Increase Local Reasoning with Stateless Architecture and Value Types

It is just another Thursday of adding features to your mobile app.

You have blasted through your task list by extending the current underlying object model + data retrieval code.

Your front-end native views are all coming together. The navigation between views and specific data loading is all good.

Git Commit. Git Push. The build pops out on HockeyApp. The Friday sprint review goes well. During the sprint review the product manager points out that full CRUD (Create, Read, Update, Delete) functionality is required in each of the added views. You only have the ‘R’ in ‘CRUD’ implemented. You look through your views, think it just can’t be that bad to add C, U and D, and commit to adding full CRUD to all the views by next Friday’s sprint review.

The weekend passes by, you come in on Monday and start going through all your views to add full CRUD. You update your first view with full CRUD; start navigating through your app; do some creates, updates, and deletes; and notice that all of those other views you added last week are just broken. Whole swaths of classes are sharing data you didn’t know was shared between them. Mutation to data in one view has unknown effects on the other views due to the shared references to data classes from your back-end object model.

Your commitment to having this all done by Friday is looking like a pipe-dream.

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C# vs. Swift – Iron Man vs. Captain America

In Captain America: Civil War we get to see the ultimate battle between Iron Man and Captain America.

It is a battle of simple gutty defense vs. smart weapons and flashy offense, humility vs. brashness, down in the dirt vs. up in the clouds.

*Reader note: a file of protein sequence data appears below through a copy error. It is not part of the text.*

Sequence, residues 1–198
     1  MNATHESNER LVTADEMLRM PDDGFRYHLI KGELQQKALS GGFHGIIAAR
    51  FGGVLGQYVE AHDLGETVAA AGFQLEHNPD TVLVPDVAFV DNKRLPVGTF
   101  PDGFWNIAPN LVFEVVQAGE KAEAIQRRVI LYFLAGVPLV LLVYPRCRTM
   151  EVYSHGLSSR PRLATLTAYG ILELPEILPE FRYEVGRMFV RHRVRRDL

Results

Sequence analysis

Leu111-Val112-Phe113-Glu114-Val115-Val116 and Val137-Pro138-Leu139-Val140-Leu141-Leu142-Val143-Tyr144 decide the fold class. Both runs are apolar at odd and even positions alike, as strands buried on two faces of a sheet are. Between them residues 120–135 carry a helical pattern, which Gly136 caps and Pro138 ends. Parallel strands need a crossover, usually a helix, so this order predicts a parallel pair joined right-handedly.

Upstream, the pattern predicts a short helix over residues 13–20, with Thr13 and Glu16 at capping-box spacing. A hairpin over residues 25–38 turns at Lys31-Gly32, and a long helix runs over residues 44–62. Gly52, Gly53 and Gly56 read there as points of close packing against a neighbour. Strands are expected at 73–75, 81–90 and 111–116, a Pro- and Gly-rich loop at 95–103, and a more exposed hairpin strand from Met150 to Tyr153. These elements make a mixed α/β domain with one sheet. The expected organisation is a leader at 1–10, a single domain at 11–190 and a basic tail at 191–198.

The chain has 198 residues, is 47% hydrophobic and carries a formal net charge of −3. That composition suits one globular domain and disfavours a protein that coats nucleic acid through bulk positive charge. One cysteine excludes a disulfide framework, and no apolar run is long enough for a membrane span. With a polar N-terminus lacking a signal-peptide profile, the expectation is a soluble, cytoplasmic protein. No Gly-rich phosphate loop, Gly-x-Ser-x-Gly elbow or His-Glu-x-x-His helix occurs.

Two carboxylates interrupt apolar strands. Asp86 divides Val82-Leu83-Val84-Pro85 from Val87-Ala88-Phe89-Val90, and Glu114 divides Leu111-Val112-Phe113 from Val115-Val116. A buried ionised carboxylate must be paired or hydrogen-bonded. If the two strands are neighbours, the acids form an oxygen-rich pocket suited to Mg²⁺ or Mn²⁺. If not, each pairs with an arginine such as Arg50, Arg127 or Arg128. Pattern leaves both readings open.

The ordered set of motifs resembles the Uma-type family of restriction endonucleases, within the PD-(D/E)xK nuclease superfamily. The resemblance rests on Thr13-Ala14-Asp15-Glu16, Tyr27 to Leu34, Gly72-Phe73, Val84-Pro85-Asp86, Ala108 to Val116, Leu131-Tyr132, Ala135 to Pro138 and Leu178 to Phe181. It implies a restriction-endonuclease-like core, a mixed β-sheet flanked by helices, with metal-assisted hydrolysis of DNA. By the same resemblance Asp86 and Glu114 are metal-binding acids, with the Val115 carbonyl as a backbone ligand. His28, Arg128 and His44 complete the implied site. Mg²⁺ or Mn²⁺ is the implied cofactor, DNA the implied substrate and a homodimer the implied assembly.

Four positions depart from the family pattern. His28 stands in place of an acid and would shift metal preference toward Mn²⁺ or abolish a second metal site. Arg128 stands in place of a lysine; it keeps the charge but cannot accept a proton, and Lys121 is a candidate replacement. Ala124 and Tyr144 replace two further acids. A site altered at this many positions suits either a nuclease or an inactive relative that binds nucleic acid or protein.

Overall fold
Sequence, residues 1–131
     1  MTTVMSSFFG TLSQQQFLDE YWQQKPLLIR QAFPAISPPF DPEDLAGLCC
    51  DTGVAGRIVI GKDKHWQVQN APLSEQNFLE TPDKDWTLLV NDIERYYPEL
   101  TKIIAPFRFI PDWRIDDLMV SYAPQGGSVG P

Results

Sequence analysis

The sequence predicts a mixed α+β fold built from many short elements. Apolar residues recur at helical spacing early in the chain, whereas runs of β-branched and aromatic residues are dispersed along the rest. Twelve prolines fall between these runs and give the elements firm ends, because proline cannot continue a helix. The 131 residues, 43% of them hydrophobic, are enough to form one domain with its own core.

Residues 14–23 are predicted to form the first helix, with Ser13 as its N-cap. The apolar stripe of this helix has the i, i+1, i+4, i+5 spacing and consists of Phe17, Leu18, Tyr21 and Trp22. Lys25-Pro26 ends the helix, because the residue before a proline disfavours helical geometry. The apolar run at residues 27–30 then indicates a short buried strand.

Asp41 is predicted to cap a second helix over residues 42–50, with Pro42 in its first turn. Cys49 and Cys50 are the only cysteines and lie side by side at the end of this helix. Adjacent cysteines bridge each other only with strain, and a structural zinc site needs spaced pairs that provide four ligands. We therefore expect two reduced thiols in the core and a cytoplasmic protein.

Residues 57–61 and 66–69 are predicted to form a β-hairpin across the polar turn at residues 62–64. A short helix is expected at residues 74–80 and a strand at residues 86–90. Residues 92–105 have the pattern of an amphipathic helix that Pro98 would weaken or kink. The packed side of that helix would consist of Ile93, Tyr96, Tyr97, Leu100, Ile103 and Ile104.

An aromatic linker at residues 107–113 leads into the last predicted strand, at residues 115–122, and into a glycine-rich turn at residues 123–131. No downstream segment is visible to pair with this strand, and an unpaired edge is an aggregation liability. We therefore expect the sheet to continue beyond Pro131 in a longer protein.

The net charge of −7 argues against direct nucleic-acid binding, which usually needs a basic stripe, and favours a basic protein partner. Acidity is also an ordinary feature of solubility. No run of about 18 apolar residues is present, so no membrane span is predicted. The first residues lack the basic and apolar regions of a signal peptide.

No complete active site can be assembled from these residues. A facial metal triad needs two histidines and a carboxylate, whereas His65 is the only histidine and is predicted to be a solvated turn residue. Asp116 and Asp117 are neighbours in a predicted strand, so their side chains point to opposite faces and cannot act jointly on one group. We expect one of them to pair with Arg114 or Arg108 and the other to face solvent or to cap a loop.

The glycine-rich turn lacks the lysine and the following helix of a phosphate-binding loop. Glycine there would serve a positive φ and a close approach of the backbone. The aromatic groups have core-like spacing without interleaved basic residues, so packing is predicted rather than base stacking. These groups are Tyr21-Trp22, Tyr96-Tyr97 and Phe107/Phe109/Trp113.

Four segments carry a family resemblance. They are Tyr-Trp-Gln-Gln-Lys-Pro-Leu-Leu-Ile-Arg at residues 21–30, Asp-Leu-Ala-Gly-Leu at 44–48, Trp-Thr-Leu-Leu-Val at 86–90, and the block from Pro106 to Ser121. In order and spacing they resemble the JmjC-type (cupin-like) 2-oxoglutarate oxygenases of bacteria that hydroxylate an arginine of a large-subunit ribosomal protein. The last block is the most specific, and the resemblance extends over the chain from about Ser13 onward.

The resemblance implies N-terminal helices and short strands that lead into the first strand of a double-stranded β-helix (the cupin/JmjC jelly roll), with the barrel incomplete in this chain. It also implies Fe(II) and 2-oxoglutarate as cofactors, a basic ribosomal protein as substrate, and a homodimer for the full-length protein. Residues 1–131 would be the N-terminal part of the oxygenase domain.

To totally geek it up, the same kind of battle exists in the languages that software engineers use today and I believe this is especially true in the battle of C# vs. Swift.

Don’t worry, this really isn’t a versus type write up. If anything I seek to point out each language’s unique strengths, then show how software engineers can get into the right superhero mindset to really use those strengths, and be aware of the weaknesses, to create great solutions.

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Implementing HAT​EOAS​: One Team’s Journey

hateoasHATEOAS stands for “Hypermedia as the Engine of Application State” and it is one of the possible constraints that you can place on a REST compliant API. Essentially what it means is that your API is as navigable as a normal website, with hyperlinks leading to other resources.  The focus of this blog is not HATEOAS itself – instead focusing on an implementation of it our team recently used for our project’s API.

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Managing Process Efficiently: Intro to the Disruptor Pattern

The Disruptor is, essentially, a scheduling strategy builder for multithreaded code. It stands out in the world of concurrent programming because it offers both great execution speed and easily readable and debuggable code. Yes, it does have a weird name. According to the original whitepaper, it was coined “Disruptor” because